Okay, you’ll have to excuse the title of today’s edition. I mainly just liked the symmetry of “DeFi is dying”.
But, DeFi kind of is dying.
At least, according to the latest data.
The supposed future of finance is going backward.
The amount of money stashed in decentralized finance, or DeFi, protocols has dwindled to the lowest level since February 2021, according to data compiled by Defi Llama. Specifically, total value locked, or TVL, has slumped to $37.5 billion, slipping below the previous post–bull market nadir of $38 billion set in December.
And if you look at the actual data from DeFi Llama cited in that article, well, it don’t look great:
And it’s not just DeFi.
DeFi might be down to 2021 levels. But NFTs are dead. Like fully dead:
You can see the decline even more clearly in OpenSea’s NFT volume, which is the largest and most well-known NFT marketplace:
And, as Axios points out:
OpenSea is no longer the only game in town, but its competitors all give away a token to promote volume. This leads to wash trading — people trading with themselves to get those tokens.
These days, OpenSea represents about 24% of overall volume. It was once basically all the volume.
Just shy of half of the total NFT market is thought to be wash trading these days (it varies by token promotions out there). Another estimate puts it at just over half.
Because OpenSea doesn't offer any promotion for people to trade on it, it stands to reason that volume on that marketplace reflects people who really want to trade these digital items — for the sake of the items themselves.
In other words, OpenSea volume is the benchmark for actual demand for NFTs, whereas demand on other marketplaces is maybe not about NFTs at all.
So, what’s going on, is crypto dead again?
Well, the weird thing is crypto prices are up this year.
Bitcoin is up 56% Year to date. And Ethereum – which the overwhelming majority of DeFi and NFTs run on – is up 32%.
So it kind of seems like we’re back in the old days of crypto, where prices aren’t pumped by actual usage, but by pure speculation.
Wall Street is speculating hard on crypto this year
Despite the Securities and Exchange Commission’s (SEC) best efforts, the big boys of Wall Street are speculating hard on crypto this year.
Case in point, all the spot Bitcoin ETF applications.
Those have been back and forth a bit since BlackRock tossed its hat into the ring. But arguably the biggest development came this month, when Grayscale won its lawsuit against the SEC.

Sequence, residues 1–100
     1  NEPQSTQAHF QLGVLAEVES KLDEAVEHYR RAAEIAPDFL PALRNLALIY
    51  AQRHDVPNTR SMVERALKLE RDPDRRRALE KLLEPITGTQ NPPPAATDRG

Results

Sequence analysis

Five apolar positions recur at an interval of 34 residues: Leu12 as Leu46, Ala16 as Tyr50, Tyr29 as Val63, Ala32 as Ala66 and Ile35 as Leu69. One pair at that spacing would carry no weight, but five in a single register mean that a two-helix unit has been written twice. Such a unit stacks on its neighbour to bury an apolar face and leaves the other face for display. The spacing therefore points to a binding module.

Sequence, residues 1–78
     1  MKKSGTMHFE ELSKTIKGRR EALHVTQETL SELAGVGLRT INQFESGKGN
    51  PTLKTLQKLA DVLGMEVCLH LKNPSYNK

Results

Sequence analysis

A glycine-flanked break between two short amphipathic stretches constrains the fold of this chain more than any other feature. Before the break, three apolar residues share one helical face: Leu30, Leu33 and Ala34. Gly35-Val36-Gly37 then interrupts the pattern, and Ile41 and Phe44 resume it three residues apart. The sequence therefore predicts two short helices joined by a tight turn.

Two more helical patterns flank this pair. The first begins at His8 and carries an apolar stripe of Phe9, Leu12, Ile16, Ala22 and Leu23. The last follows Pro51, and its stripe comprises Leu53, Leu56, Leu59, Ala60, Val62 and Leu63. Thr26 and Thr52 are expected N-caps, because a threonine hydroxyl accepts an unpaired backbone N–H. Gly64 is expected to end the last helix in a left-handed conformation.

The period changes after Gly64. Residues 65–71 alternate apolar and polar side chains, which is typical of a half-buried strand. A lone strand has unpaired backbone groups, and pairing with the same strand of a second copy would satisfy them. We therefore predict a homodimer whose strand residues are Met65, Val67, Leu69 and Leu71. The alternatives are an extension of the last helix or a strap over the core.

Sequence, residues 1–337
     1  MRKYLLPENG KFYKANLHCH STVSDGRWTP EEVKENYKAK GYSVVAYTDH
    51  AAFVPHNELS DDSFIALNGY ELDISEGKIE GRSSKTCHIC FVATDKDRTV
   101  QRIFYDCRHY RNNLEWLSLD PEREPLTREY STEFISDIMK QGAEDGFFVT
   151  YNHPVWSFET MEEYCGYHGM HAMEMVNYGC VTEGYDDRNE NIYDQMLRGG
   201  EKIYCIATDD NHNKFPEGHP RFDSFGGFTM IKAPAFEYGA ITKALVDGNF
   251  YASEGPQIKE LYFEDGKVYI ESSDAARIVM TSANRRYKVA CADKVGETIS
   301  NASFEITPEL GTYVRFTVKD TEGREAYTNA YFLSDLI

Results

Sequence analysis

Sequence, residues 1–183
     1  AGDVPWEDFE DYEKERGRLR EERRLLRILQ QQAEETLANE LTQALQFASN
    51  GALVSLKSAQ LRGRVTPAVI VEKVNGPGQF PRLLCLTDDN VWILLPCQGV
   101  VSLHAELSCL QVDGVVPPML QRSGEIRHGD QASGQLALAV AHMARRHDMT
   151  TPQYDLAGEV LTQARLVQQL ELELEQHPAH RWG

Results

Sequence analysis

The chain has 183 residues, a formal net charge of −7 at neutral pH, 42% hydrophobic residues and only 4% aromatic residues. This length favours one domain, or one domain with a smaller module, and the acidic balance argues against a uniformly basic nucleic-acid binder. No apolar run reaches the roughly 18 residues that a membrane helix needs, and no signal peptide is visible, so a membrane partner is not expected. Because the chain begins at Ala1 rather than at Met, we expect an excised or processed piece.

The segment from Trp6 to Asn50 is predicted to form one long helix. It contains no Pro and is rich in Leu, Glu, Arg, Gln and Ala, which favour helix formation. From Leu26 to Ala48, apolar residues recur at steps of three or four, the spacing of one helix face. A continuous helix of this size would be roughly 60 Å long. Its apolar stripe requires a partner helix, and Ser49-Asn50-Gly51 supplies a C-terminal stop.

For a very long time now, Grayscale has held the biggest bitcoin fund in the world, with roughly 623,000 Bitcoin under management, or around 3% of Bitcoin’s circulating supply.
In fact, Grayscale was just revealed as the second largest holder of Bitcoin in the world by Arkham Intelligence.
(And it’s also the second largest holder of Ethereum. More on that in a second.)
Anyway, Grayscale has been trying to turn its trust into a spot Bitcoin ETF for years now. And the SEC has been slapping down every application it makes.
As I (and just about every other crypto publication in the world) have pointed out many times, the SEC’s reasons for refusing Grayscale’s applications don’t make logical sense.
The SEC says it won’t allow Grayscale to convert its trust into a spot Bitcoin ETF because Bitcoin’s price is too open to manipulation.
Yet, the SEC has allowed a large number of Bitcoin Futures ETFs to launch.
Logically, if Bitcoin’s spot price is too open to manipulation then its futures price is as well. Actually, it’s even more open to manipulation.
Everyone knows this, including the SEC – they aren’t dumb. But everyone also knows they can’t do anything about it. What the SEC decrees goes.
Or, at least it did, until Grayscale took them to court… and won.
In fact, the court slapped down the SEC for a change, calling its denial of Grayscale’s application “arbitrary and capricious”.
Here’s what the judge said:
It is a fundamental principle of administrative law that agencies must treat like cases alike. The Securities and Exchange Commission recently approved the trading of two bitcoin futures funds on national exchanges but denied approval of Grayscale’s bitcoin fund. Petitioning for review of the Commission’s denial order, Grayscale maintains its proposed bitcoin exchange-traded product is materially similar to the bitcoin futures exchange-traded products and should have been approved to trade on NYSE Arca.